Can You Over-Emphasize the Church of Our Lord Jesus Christ?
By Chuck Bartlett
Let’s take a moment to consider the focus of the preaching delivered around the time Christ entered the world. In Luke 1:31-33, Mary was told by an angel that she would bring forth a son and that He would be known as Jesus. Moreover, she was informed He would reign over His kingdom.
This is why we read about the forerunner of Christ (John the Baptist) preaching that the kingdom was at hand (Matt. 3:2). As Jesus began His ministry, He also spoke about the coming of His kingdom (Matt. 4:17). He taught his followers to pray for this kingdom to come (Matt. 6:10). The Savior also stressed the need for everyone to seek that kingdom (Matt. 6:33). Even on the night of His betrayal, Jesus told His apostles that He would not partake of the Lord’s Supper again until His kingdom arrived (Matt. 26:29).
So much of Christ’s teaching about the coming of the kingdom – what should be taught after the kingdom has arrived? The answers to the above question is obvious. If there was to be great anticipation of the Lord’s kingdom, imagine how much more one would talk about the kingdom when arrived!
Is it here though? Yes! Christ stated in Mark 9:1 that the kingdom was going to come with power during the lifetime of some of those standing there listening to Him speak. Logically, we cannot be waiting for the kingdom as none of those people are still alive on the earth.
There are many scriptures that speak of the kingdom being in existence now. Saints were being translated into the kingdom (Col. 1:13). The apostles were given the key to speak the way one can get into the kingdom (Matt. 18:19; John 16:13). But just when did the kingdom come into existence? Remember that Jesus aid the kingdom would come with power (Mark 9:1). The apostles were told to tarry in Jerusalem until they received that power (Luke 24:49). This power comes when the Holy Spirit comes upon them (Acts 1:8). The Holy Spirit came upon the apostles in Acts 2:1-4.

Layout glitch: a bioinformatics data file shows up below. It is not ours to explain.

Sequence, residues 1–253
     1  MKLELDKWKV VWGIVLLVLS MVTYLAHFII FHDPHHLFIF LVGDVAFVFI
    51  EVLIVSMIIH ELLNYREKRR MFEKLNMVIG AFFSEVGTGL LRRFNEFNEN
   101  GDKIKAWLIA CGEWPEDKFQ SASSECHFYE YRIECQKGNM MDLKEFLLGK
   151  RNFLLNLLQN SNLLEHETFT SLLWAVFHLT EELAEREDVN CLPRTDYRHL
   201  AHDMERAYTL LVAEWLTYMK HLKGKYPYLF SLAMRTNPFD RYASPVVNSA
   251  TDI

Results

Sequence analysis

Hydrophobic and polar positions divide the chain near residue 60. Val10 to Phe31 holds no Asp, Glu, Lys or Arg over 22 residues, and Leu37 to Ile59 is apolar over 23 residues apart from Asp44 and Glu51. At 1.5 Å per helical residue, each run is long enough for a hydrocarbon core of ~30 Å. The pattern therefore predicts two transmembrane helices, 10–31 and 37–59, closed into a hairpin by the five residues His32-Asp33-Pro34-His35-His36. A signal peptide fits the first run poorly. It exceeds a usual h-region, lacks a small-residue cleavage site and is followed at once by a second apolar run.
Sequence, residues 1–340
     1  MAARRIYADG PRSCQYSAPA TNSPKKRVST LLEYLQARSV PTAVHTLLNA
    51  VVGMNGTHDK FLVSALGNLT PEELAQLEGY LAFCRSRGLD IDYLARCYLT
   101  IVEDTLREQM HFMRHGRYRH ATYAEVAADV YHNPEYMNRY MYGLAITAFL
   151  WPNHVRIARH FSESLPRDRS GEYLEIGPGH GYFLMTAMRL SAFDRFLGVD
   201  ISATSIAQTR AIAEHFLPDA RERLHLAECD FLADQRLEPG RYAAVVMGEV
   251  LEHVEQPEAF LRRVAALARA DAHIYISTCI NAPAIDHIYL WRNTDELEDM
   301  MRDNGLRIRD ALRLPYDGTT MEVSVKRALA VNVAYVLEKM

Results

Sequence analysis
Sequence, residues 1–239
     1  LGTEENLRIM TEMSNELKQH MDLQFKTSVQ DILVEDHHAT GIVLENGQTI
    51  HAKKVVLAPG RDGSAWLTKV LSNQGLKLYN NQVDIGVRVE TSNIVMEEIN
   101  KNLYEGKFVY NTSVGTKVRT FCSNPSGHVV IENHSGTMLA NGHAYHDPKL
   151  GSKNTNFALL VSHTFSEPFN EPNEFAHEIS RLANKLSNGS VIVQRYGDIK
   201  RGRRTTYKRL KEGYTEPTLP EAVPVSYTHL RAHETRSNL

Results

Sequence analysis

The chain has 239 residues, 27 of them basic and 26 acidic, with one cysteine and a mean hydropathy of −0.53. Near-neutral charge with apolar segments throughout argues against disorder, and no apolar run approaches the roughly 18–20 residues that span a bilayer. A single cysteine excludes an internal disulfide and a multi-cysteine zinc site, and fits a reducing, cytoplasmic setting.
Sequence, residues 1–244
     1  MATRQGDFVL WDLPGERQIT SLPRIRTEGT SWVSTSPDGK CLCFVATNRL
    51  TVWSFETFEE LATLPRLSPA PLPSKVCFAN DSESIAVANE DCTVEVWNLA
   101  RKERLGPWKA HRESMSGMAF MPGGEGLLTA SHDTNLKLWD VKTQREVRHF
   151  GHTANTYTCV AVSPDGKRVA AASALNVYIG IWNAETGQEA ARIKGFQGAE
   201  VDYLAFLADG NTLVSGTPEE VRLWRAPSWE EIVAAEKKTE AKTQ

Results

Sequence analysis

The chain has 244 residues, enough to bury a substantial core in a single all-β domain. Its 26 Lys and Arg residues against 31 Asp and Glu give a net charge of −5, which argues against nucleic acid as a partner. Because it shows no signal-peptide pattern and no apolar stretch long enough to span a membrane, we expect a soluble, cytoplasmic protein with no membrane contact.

When the Holy Spirit came, the power came. When the power came, the kingdom came. To be clear, this kingdom is spiritual, not physical. Jesus told Pilate that if His kingdom were of this world, His servants would fight (John 18:36). Pilate realized that Jesus and His followers were not a threat to the Roman government. This spiritual kingdom has come, and we need to become citizens of it today (Eph. 2:19).
To more precisely identify when the kingdom came, we need to see the link between it and the church. When Jesus said He was going to build His church, He connected it with the kingdom (Matt. 16:18-19). The promise to build His church is synonymous with the establishing of His kingdom. The two terms are often used interchangeably in the scriptures. Because Jesus purchased the church with His blood (Acts 20:28), both the church and the kingdom both began after His resurrection. Those who obeyed the gospel were added to the church and the kingdom by the Lord (Acts 2:47; Col. 1:13).
Let us now return to the question posed in the article’s title – can we really over-emphasize the church of our Lord? No! Knowing that the prophets of old, John the Baptist, Jesus and His followers spoke about its coming, why would we not also proclaim that the kingdom (church) has come? If anything, Jesus’ blood-bought church is not discussed and respected enough in today’s pulpits. Remember, Jesus is ruling and reigning (Col. 1:18)! Christ is our king (I Tim. 6:15)! Are you emphasizing the need for people to become members of His church and citizens of His kingdom?
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